Attorney General Sessions hits out at Philadelphia over ‘sanctuary’ status

SCRANTON, Pa. (Reuters) – U.S. Attorney General Jeff Sessions, in a speech at a local college on Friday, criticized Philadelphia and its mayor over the city’s ‘sanctuary’ status, one that limits its cooperation with U.S. immigration authorities.

FILE PHOTO: U.S. Attorney General Jeff Sessions discusses a new Justice Department initiative on religious liberty during an event at the Orthodox Union Advocacy Center’s Annual Leadership Mission to DC in Washington, U.S., June 13, 2018. REUTERS/Jim Bourg/File Photo

Sessions accused the city of coddling dangerous criminals and refusing to turn them over to U.S. Immigrations and Customs Enforcement (ICE) officials when requested.

“Philadelphia is not giving sanctuary to Americans but to foreign criminals,” he said. “If they reach Philadelphia, they are home free. It is a de facto open borders policy.”

The administration of President Donald Trump regularly criticizes cities and other jurisdictions, estimated to number more than 500 nationwide, that have adopted some sanctuary policies.

Sessions took special aim at Philadelphia Mayor James Kenney, who has reaffirmed the city’s “welcoming” stance toward immigrants.

City spokeswoman Deana Gamble told Reuters that Philadelphia will turn over illegal immigrants to federal officials if presented with a criminal warrant or an order from a judge, but not if ICE presents only an administrative warrant.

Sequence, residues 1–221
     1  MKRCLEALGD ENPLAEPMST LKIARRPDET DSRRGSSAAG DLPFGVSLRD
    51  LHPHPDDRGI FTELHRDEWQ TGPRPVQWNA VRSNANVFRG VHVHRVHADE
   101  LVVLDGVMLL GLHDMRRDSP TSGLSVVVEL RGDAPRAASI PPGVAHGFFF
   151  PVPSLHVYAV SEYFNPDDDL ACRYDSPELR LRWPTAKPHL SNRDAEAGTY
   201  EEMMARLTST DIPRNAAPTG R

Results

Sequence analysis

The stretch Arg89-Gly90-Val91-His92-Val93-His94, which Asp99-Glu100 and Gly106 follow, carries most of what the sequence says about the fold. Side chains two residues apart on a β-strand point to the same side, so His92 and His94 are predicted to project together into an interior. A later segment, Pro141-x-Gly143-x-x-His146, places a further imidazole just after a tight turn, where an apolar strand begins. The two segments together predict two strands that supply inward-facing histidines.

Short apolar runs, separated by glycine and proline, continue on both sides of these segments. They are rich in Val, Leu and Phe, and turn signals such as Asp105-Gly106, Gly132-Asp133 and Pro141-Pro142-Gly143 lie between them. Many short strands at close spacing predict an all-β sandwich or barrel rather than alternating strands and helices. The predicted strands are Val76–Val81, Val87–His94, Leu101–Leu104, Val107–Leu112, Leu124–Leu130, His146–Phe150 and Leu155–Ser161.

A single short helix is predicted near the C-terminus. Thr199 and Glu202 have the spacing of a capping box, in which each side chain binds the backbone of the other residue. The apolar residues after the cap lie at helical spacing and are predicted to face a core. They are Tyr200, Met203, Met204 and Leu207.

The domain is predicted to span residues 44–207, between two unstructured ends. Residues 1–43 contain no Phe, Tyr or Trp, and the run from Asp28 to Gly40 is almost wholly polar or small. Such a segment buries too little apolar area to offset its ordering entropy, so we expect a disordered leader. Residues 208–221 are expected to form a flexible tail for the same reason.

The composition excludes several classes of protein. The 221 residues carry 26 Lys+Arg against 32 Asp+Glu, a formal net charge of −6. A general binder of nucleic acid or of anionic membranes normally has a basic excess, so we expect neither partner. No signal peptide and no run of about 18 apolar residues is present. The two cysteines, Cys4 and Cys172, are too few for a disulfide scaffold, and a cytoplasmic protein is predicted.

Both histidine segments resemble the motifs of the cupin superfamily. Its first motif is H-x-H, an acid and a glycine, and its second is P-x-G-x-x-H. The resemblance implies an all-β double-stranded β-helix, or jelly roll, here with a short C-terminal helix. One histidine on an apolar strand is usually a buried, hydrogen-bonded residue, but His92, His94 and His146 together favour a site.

“The city honors ICE’s requests for notification of release and to detain individuals whenever ICE obtains a warrant or order from a judge,” Gamble said in a statement.

“However, ICE often refuses to obtain warrants or orders from judges and makes requests of the city that have not been approved by any court. Philadelphia does not protect or harbor criminals,” she said.

Sessions also said on Friday that the Justice Department would confront any problems uncovered by an inspector general’s report that found former FBI Director James Comey made errors of judgment in handling a Hillary Clinton email investigation. [nL1N1TG0XR]

He did not address the Justice Department’s separating children from their parents if they are caught illegally crossing the Mexican border, or his partial justification of that policy on Thursday by quoting a Bible verse.

Reporting by David DeKok, Editing by Kevin Drawbaugh and Rosalba O’Brien

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